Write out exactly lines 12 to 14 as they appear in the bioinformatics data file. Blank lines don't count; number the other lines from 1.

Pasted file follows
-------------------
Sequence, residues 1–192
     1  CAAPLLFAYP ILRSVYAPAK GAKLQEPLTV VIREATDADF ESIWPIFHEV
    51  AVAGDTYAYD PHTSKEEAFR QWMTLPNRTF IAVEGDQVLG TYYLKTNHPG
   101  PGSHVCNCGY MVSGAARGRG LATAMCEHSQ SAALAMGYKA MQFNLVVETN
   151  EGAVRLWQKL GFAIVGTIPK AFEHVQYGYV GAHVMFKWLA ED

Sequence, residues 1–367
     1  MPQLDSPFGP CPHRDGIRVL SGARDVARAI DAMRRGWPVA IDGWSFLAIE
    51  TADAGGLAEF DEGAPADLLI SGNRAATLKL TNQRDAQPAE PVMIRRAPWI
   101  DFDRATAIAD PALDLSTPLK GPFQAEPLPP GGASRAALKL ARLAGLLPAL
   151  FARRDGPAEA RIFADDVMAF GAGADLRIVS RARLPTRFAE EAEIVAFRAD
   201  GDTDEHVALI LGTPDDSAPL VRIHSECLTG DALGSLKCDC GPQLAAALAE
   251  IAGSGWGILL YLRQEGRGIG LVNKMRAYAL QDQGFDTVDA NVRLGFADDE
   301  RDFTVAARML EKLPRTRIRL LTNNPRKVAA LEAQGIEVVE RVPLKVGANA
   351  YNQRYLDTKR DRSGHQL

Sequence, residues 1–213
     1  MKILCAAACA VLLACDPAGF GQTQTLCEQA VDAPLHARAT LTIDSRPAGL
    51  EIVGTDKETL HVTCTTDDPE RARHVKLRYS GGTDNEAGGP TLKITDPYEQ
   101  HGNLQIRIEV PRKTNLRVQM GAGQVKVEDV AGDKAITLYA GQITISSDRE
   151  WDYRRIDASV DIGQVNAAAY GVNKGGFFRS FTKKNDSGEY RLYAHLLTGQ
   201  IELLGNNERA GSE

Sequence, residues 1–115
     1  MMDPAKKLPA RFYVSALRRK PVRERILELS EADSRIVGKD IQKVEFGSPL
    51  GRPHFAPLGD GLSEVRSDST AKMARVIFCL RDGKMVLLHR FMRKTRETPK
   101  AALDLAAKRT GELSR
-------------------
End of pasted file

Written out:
   251  IAGSGWGILL YLRQEGRGIG LVNKMRAYAL QDQGFDTVDA NVRLGFADDE
   301  RDFTVAARML EKLPRTRIRL LTNNPRKVAA LEAQGIEVVE RVPLKVGANA
   351  YNQRYLDTKR DRSGHQL